President Barack Obama took a moment during his State of the Union address to the US Congress to announce a tour of Latin American nations.
"This March, I will travel to Brazil, Chile, and El Salvador to forge new alliances across the Americas," the president said Tuesday night.
It will be his first visit to South America and his third visit to Latin America.
The journey will be "an important opportunity to strengthen our alliances in the Americas", National Security Council spokesman Mike Hammer said.
In Brazil, Obama will meet with new President Dilma Rousseff to discuss areas of mutual interest and contribute to developing the "excellent relationship" between the two countries, Hammer said.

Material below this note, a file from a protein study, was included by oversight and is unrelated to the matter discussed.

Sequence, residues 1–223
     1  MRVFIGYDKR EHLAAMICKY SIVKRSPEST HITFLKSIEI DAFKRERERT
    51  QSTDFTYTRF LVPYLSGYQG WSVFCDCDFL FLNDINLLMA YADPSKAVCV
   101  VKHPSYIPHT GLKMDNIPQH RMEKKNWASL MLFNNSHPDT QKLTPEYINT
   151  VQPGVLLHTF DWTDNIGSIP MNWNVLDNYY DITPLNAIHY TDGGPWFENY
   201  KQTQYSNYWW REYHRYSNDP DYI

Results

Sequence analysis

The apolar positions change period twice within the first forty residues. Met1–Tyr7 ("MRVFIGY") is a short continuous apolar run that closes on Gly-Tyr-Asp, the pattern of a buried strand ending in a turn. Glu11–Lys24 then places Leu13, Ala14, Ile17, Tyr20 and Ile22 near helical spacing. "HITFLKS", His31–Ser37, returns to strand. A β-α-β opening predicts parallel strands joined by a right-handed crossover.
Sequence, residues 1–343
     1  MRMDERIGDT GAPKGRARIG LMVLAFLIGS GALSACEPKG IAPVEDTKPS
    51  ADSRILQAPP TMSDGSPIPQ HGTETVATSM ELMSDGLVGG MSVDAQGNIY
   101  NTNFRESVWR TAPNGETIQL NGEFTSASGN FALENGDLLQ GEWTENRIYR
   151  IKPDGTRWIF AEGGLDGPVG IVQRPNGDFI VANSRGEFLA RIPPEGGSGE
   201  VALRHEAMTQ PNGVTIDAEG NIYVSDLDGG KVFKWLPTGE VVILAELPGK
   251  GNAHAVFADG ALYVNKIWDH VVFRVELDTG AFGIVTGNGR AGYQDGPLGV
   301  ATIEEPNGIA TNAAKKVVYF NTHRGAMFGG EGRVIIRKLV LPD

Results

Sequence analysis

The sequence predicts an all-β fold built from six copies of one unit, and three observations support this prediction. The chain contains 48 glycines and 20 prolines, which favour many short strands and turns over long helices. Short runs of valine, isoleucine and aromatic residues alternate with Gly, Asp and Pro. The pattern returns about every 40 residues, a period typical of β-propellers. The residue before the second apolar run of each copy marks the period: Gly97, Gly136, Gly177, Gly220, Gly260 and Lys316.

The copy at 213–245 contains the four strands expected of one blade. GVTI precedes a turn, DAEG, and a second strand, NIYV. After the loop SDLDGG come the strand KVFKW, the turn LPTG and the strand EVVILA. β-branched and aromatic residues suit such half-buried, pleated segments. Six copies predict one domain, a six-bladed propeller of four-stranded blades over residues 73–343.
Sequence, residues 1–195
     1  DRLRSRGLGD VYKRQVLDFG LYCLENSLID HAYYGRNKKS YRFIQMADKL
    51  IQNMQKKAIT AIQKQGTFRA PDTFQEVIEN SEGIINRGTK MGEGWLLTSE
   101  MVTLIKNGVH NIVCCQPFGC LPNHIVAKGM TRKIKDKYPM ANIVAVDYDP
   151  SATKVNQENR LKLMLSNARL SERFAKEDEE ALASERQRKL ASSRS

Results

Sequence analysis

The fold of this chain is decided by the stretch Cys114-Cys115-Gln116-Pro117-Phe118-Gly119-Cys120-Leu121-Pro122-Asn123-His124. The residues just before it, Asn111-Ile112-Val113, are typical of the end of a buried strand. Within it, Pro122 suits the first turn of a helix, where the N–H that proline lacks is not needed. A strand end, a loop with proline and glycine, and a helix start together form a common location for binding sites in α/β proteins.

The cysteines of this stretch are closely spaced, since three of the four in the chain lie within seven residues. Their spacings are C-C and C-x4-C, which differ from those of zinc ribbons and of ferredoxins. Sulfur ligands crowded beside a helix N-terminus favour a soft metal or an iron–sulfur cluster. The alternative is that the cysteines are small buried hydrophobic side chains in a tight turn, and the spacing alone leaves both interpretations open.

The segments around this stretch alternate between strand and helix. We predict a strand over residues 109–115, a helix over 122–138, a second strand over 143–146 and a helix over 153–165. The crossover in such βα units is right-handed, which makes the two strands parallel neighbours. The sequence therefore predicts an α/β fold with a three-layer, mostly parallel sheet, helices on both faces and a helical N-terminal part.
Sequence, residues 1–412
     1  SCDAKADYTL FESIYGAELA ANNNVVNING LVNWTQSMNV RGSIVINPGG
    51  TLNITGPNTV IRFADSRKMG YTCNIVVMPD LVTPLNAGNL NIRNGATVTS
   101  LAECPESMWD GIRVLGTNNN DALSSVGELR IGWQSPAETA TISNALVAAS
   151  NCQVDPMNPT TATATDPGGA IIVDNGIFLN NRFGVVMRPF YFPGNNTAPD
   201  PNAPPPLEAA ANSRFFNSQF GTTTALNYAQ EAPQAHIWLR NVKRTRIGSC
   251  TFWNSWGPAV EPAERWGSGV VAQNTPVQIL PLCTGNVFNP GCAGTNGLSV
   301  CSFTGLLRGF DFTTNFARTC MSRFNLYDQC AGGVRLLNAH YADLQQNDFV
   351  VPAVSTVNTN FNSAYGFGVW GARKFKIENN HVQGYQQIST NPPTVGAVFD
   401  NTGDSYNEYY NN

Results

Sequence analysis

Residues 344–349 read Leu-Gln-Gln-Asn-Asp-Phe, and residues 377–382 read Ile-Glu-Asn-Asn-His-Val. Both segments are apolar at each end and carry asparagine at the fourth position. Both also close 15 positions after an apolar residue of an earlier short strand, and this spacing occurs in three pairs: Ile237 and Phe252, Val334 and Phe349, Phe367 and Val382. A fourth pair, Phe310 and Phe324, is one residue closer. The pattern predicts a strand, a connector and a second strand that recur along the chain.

Among the areas where US-Brazilian ties are strong, he cited clean energy, global growth, assistance to Haiti and development efforts.
In Chile, Obama will meet for the first time with President Sebastian Piñera to discuss greater bilateral and regional cooperation.
Chile, Hammer emphasised, "is one of our closest partners in Latin America" and has quickly become a regional leader in the area of nuclear security, clean energy and crisis management.
The third phase of the trip, El Salvador, will enable Obama to meet with President Mauricio Funes and to emphasise the "tight links" between the two countries, which are cemented by the large number of Salvadorans in the US and the economic activity that they contribute to creating, Hammer said.